1. Excellent! You know I'm passionate about this topic too! My spiritual director just recently encouraged me to start praying the Litany of Humility-- it's so opposite to our world and the pressures you're talking about! I wish more moms/women/faith-based things would start emphasizing the virtues and the interior life instead of focusing on permeating the culture with Catholicism...I think we need to first be grounded and focused on the interior life of holiness before we can be an "influencer" anyway! And honestly, I'm coming to question if we are EVER to focus on becoming an influencer or doing big things for God...I have a feeling that if we focus on holiness and relationship with him and quiet, consistent soul-growth, He will provide opportunities of influence that won't even look like such, or we won't notice them because they won't be our goal. Just ponderings.

    1. OK, first off, thank you for mentioning the Litany of Humility! I used to pray that frequently-when my husband and I first met, we started praying it after Mass-but when babies entered the scene, we fell out of that practice since Mass-going is a different experience with kids :P And for some reason, I had convinced myself that we could ONLY pray that prayer after Mass (silly, I know, but here we are...). You've got me thinking that I need to bring this back into my life and normal routine!

      Also, I love what you say about the importance of emphasizing the virtues. It makes me think of so many of the saints, who lived lives of holiness and virtue, but didn't really realize or care about the extent of their accomplishments, because they were so focused on growing closer to God and bringing others to Him! It hits me with just how much work God still needs to do in my soul ;) A few years ago, I attended a small local conference, and someone gave a talk about virtue-he showed us an image of the "virtue tree" that people would reference in the medieval period, and he talked about how his parish was doing small group studies based on the virtues in that tree. I thought it was a really cool idea!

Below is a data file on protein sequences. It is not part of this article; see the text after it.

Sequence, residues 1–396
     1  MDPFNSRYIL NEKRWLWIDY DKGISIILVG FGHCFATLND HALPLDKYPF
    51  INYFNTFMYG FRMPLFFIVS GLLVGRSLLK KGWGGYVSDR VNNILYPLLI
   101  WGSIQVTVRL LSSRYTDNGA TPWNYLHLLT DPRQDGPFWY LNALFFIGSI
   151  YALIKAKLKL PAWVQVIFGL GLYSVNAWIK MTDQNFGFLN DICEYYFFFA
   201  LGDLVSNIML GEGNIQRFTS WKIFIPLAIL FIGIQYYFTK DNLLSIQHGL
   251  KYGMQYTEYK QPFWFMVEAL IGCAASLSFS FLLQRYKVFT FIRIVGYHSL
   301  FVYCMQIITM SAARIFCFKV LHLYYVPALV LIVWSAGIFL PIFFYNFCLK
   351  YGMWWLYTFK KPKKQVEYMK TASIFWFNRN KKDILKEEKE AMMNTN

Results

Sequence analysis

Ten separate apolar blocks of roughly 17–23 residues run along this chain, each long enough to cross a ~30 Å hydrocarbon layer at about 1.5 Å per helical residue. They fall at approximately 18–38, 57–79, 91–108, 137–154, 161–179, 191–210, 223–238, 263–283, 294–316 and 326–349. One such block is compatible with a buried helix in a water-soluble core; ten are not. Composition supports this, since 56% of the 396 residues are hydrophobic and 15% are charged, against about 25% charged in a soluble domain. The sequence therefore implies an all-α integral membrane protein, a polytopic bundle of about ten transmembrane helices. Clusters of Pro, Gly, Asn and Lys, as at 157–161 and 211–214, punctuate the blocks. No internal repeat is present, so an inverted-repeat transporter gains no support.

2. So right. Rest is important -- physically, emotionally, and spiritually. This reminds me of what I just read in that book you recommended, The Art of Spiritual Writing. She was talking about how writing and spirituality go hand-in-hand for her. When she neglects one, the other suffers. We need to be holistic about our lives. We need rest or what good will our influence be to others? And we not only need to rest but give things a rest that are stressing us out, like the news or social media. Fasting from things occasionally has helped me significantly.

    1. Tiffany, I'm so excited that you've been diving into that book! That part is so good, and I totally forgot about it-thank you for bringing it up :) And yes, I absolutely agree on the fasting/taking a break from stuff that's stressing us out. The whole realm of how-much-news-should-I-consume is something that I deliberate with myself about quite our 24 hour news cycle culture, it's so hard to know what we should be paying attention to sometimes.

  3. Love this, AnneMarie! I've definitely been on the same mode of thinking this summer (pregnancy will do that:) and I too think there is so much goodness and fruit from just being present to what is right in front of us, what God is calling us to, and not seeking more. I think social media, though not all bad, has contributed a lot to "being an influencer" or having a side gig, etc. But really..there is so much beauty in simplicity and letting go of societal expectations. Love your writing!

    1. Thanks, Elisabeth! I'm glad you enjoy my writing, and I always love your encouragement :) I think social media can definitely contribute to those things. I'm barely on social media as it is, but when I do log in occasionally, I find that within a couple minutes, my stress and anxiety rise and I question if I'm doing enough for myself or my family, etc. When I don't look to social media, it really is a lot easier to let go of expectations!